dangerous as mixing it with the big boys). The movement easily pushed the “chair pre-flexed”
discs into hyper-flexion, presumably allowing a jarring anterior shear force to do its damage. My
pain was not evident until 48 hours later, and the modified
McKenzie lumbar extension exercise
proved effective in reducing symptoms such that I was free of pain in 2 weeks, but it
was a lesson worth learning. Chair sitting sets a tall person up for L4-L5 and L5-S1 disc
injury related to anterior shear! Herniate the disc, and Siatic Nerve pain will follow! (Symptoms of siatic nerve pain, ref:
Lumbar Herniation and Siatic Nerve Pain)
Diagrams illustrating Anterior Shear Force on the flexed lumbar spine of a person
sustaining a backward fall onto the buttock. Note: While anterior shear force can
do painful damage to the flexed lumbar
spine, actual visible anterior slippage on plain x-ray images is not likely to be seen. You need fractures or
developmental defects in the vertebra close to the facet joints (spondylolysis) for
anterior slippage (sponylolisthesis) to occur.
(3) Dangerous rotation/side-bending!
As already discussed and depicted (see chair sitting spine diagram above), the facet joints of a flexed spine are
pulled open. That means they cannot lock together and therefore cannot aid the lumbar discs in resisting
twisting and side bending. You can try this for yourself as you sit in your chair
(be especially slow and careful about this exercise if you have low back pain or siatic nerve pinching):-
Posture-Movement Awareness Exercise:
"Your lumbar spine bends further to the side when it is flexed than when it is straight".
(You can do the same exercise, but this time try twisting instead of bending to
one side. You will only notice a small difference when twisting.
The reason for this is that "twisting" movements are mostly handled by the spine at the level of the lower chest,
which was not the area that you were consciously trying to flex).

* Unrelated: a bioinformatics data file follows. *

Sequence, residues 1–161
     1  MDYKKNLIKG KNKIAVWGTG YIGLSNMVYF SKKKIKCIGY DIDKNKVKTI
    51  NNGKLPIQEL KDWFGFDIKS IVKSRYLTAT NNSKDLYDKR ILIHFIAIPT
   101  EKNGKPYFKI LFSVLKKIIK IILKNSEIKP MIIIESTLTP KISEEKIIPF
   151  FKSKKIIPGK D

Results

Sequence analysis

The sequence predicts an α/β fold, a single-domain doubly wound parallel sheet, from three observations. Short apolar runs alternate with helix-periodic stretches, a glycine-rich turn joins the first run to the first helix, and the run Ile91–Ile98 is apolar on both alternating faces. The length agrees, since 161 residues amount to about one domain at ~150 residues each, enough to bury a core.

- Lock your facet joints by extending your back so that there is a strong hollow
in your lower back (see picture of standing spine above).
Now bend to the side, and estimate how far you can bend to the side in this
lumbar-extended position (it may be about 15 degrees).
- Now unlock your facet joints by flexing so that there is a strong
curve in your lower back (see picture of sitting spine above),
and bend to the side. Estimate how far you can bend to the side in
this lumbar-flexed position (it may be about 30 degrees).
At any rate, habitually moving your
lower back into extremes of rotation or twisting is especially damaging in terms of disc damage and
pinched siatic nerve pain. For
example: you sit directly in front of your computer, but you have to reach behind you to answer
your phone; you constantly open a file cabinet to the left of your desk;
people are constantly opening a door to your right to interrupt you.
You are under pressure, and you are forgetting to maintain a neutral curve in your spine (similar to your standing
In short you are suffering a prolonged and damaging onslaught to your spinal health. You will
definitely damage your lumbar disks, with a high likelihood of disc herniation and siatic nerve pinching(5)!
Damage to your "Extension-habituated" Lumbar Spine
A spine that is posturally balanced puts about 67% of load on the disc, and about 33% of
load onto the facet joints (see diagram right).
If the base of your spine has been held in extension by long periods of chair sitting,
it will tend to hold that position throughout the rest of the day. Excessive spinal extension
puts excessive load on the facet joints. This excessive loading will hasten the onset of arthritis
(leads to facet syndrome) and the laying down of new bone within the spinal canal
(spinal stenosis or narrowing). With either condition, the result is pain, especially when the habitually
extended spine is twisted. (Similar to the twisting that is described above,
except that the damage shifts to the facet joint area of the spine.
Diagram: Pinched Siatic Nerve Root is a Consequence of "Facet Syndrome" -
Facet Joints are in close Proximity to the Spinal Nerve Roots.
When a facet joint becomes inflamed, it presses on the nerve root and causes pain.
Now that you know that a spine in neutral is at its most stable, you can appreciate why you should
try to maintain your spine around that neutral positioning during office chair sitting.
For more information on disc herniation and symptoms of siatic nerve damage, refer to:-
Pictures, Diagrams, Symptoms: Cauda equina and Siatic nerve Damage.
|Diagrams: Pinched Siatic Nerve Root is a Consequence of Disc Prolapse.
The Siatic Nerve pinching is arrowed.
Office Chair Sitting: Page 1 | Page 2 |
Consequences of Office Chair Sitting (2):
Pre-flexed Spine and pinched Siatic Nerve Pain!
© Bruce Thomson, EasyVigour Project
Return to top...